Power Industry and the Power Play

America’s power sector is at a crossroads. Rising demand for clean forms of power is now juxtaposed against the growing need for inexpensive energy, creating a situation that is increasingly conflicted. Recent economic challenges have made decisions even more difficult for electric power producers. In 2009, electricity generation decreased 4.1 percent, settling at its lowest level since 2003, representing the largest decline in six decades. In addition to the recent economic downturn, expanding environmental policy and increasing prices of certain fuels have forced electric power producers to invest in alternatives to coal such as natural gas. Investment decisions also have been impacted by the recent accident at a nuclear power plant in Japan that, at least temporarily, diminished renewed enthusiasm for nuclear power expansion. Alternatively, renewable energy has been fully embraced by some for its clean energy benefits, federal production and investment tax credits and cash grants, as well as help electric power producers comply with state Renewable Portfolio Standards (RPS). Even in the face of uncertainty about future tax and energy policies, investment in renewable and conventional forms of power is expected to remain strong as older, less efficient power plants are retired and demand continues to build. The U.S. Department of Energy projects that demand will increase approximately 24 percent by 2035, rising roughly 1 percent per year. Which source of power will benefit the most is uncertain. What is clear is that all of these sectors have characteristics that will ensure future investment.

Power Sources
Key factors facing the power industry include:

  • Nuclear power, while experiencing a setback, is still viewed as one of the only large-scale clean resources that can help satiate the demand for clean power in the U.S.  Investment in this sector might slow as safety concerns are addressed.
  • Natural gas is undergoing a boom due to abundant supply and low prices.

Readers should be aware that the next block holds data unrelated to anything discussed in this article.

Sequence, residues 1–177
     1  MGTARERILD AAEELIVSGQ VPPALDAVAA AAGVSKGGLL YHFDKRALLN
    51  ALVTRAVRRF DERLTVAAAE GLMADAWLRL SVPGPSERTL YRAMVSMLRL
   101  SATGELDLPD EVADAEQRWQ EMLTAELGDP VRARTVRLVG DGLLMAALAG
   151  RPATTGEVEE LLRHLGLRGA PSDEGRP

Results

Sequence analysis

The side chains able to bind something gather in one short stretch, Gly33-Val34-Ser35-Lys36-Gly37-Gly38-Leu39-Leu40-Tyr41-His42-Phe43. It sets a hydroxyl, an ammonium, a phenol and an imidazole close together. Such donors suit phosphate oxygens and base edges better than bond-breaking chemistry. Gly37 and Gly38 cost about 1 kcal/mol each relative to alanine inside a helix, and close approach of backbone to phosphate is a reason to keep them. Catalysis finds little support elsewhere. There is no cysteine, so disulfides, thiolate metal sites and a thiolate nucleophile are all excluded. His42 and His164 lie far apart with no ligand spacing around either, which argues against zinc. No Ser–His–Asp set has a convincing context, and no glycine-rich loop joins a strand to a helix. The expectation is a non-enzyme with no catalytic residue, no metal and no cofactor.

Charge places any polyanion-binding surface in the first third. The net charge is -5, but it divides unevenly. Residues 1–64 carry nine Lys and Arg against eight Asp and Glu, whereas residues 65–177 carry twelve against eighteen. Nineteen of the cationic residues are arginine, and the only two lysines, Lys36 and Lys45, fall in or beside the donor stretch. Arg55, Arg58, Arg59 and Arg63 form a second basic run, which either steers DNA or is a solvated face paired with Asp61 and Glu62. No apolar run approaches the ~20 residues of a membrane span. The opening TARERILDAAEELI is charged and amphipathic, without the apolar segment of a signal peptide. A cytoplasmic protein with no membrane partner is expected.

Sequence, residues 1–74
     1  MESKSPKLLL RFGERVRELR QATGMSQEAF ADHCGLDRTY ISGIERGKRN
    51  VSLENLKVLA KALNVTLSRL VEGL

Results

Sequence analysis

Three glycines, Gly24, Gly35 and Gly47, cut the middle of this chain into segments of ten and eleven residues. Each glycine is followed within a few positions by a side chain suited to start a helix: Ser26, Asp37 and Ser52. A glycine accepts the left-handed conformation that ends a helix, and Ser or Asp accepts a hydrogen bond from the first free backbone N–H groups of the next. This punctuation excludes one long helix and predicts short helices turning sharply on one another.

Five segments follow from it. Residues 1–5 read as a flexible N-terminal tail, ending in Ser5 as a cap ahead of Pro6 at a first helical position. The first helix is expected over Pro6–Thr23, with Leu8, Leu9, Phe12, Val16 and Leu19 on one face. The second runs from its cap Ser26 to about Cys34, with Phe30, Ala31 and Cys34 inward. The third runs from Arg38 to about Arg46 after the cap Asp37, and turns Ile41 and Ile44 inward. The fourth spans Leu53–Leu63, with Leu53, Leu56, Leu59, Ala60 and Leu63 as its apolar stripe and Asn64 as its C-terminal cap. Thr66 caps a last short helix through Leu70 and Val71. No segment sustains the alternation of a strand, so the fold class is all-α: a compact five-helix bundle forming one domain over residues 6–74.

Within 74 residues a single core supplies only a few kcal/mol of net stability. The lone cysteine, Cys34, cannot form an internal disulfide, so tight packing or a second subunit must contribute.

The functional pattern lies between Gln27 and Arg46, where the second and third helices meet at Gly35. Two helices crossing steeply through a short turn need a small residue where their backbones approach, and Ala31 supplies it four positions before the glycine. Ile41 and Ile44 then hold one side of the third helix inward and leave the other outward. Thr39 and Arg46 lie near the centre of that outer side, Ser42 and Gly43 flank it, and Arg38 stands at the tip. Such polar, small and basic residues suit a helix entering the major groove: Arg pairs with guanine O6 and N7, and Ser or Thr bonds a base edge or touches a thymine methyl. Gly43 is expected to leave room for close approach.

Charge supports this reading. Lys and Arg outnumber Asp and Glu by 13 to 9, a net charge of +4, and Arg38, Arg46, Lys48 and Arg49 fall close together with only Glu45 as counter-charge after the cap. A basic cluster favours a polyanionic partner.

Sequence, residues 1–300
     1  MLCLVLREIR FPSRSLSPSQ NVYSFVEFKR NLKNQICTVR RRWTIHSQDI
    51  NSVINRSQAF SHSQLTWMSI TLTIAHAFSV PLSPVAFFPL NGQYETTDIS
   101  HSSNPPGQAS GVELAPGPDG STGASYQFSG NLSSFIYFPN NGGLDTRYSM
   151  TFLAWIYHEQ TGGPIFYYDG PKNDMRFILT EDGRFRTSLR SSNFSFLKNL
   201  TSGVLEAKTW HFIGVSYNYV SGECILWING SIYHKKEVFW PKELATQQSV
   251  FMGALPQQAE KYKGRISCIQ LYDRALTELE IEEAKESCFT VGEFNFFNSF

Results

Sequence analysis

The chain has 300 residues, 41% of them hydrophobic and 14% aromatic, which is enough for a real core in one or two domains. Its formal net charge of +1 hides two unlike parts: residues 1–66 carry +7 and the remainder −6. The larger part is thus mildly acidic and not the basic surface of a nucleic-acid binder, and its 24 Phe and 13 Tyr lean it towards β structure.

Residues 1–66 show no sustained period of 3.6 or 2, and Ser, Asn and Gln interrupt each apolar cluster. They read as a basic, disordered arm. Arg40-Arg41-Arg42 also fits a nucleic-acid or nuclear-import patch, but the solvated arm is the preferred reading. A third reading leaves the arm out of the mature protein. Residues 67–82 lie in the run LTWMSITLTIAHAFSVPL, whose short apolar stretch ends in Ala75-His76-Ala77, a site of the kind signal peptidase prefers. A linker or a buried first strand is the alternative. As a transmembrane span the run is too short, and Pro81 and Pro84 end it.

• Renewable energy such as wind and solar have attracted impressive investment levels as developers leverage production and investment tax credits or cash grants, which offset a significant portion of development costs.
  • Coal faces a challenging future as it competes with the demand for clean energy and cheap natural gas, but it will retain a significant position in the power landscape for the foreseeable future.

Electric power producers are currently forced to navigate dynamic, evolving markets with capacity plans that are constantly developing. The long-term need for inexpensive, yet clean, forms of power has created an interesting dynamic. The market seems to be dictating a diversified approach that leverages inexpensive, clean resources such as natural gas that are used in combination with traditional forms of power (i.e. coal and nuclear) as well as renewable energy (i.e. hydro, wind and solar), with decreasing dependence on coal. As federal and state environmental, regulatory and tax policy comes into sharper focus and the economy begins to steadily grow, electric power producers will be able to make long-term investment decisions that encompass these resources and lead to a period of sustained growth.

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Michael Rosendahl

Investment Banking
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